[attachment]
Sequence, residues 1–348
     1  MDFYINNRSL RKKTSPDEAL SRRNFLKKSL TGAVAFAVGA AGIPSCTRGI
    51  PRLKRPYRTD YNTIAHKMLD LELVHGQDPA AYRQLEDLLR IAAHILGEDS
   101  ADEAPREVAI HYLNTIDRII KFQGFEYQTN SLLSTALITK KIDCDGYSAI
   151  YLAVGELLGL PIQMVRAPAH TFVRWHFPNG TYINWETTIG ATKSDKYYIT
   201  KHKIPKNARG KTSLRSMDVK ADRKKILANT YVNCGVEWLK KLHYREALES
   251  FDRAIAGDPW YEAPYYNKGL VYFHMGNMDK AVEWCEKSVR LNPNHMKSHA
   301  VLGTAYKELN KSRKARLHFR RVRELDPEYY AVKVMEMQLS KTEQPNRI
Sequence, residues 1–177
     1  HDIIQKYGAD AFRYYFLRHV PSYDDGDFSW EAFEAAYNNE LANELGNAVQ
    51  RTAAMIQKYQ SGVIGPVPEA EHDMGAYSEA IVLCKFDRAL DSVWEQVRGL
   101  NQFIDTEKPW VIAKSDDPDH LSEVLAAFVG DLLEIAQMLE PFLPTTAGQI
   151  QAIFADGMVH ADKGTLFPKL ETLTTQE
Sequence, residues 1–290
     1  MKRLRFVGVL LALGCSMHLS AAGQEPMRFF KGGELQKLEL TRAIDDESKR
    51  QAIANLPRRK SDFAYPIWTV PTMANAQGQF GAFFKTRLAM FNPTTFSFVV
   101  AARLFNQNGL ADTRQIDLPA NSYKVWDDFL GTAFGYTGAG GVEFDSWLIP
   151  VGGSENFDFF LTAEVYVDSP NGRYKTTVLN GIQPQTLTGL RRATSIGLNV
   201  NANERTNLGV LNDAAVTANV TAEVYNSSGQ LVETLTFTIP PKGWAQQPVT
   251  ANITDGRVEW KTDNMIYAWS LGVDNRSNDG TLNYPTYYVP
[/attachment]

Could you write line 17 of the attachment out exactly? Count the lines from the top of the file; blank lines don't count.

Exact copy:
   101  AARLFNQNGL ADTRQIDLPA NSYKVWDDFL GTAFGYTGAG GVEFDSWLIP